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06/07/05 10:27 PM ET

Rangers round up Mayberry

Slugging outfielder has big league bloodlines

ARLINGTON -- The Rangers went big on Tuesday, selecting John Mayberry, a junior from Stanford, with the club's first pick in the 2005 First-Year Player Draft. The 21-year-old Mayberry was the 19th player selected overall.

"We saw the athleticism, the arm strength and his background," said Rangers director of player personnel Dom Chiti. "We feel confident he can play in the outfield. ... There is not a whole lot there not to like."

Mayberry, who stands at 6-foot-5 and weighs 230 pounds, is a 2005 National Player of the Year candidate and was named a First Team Preseason All-American by Collegiate Baseball and the National Collegiate Baseball Writers Association.

He was delighted to be selected by the Rangers.

"The biggest thing I wanted to do was just get an opportunity to get out there and play," Mayberry said. "The Texas Rangers are a great organization and I'm very happy to become a part of it."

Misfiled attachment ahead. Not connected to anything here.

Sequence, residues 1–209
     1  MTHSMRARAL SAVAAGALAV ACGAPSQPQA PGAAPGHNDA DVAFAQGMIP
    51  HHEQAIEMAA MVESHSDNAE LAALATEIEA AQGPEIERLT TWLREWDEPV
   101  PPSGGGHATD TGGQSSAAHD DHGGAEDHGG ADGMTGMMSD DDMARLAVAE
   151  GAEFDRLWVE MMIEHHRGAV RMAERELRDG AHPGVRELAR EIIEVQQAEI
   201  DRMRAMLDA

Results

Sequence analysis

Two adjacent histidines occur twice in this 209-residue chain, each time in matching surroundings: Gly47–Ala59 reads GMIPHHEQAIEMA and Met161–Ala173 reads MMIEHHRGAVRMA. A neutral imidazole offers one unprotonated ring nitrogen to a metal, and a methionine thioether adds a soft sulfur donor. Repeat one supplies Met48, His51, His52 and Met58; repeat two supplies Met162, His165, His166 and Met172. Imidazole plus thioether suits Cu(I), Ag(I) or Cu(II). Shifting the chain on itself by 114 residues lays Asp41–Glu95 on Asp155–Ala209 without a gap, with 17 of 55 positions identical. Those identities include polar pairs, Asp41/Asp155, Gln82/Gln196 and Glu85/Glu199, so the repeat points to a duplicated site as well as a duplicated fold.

The power-hitting first baseman, selected by the Rangers as a right fielder, is hitting .303 with eight home runs and 53 RBIs in 59 games for the Cardinal this season. He has 18 doubles and has been successful on five of seven stolen-base attempts. He will likely start at Class A Spokane so he can become familiar with playing the outfield.

"This is a good first baseman, but a guy athletically who is skilled enough to play out in the field and use his tools," Rangers scouting director Ron Hopkins said. "Most first baseman don't run and throw like this guy."

For his three-year career at Stanford, Mayberry boasts a .312 average with 28 home runs and 148 RBIs in 172 games. He has 35 career doubles, eight triples and a slugging percentage of .520. The Rangers have not set a timeframe for Mayberry's big league debut. The player has not either.

"I really haven't put a timetable on it," Mayberry said. "My objectives remain the same, and that's to get better each and every day, and if I do that then I should be able to move up the ranks pretty quickly."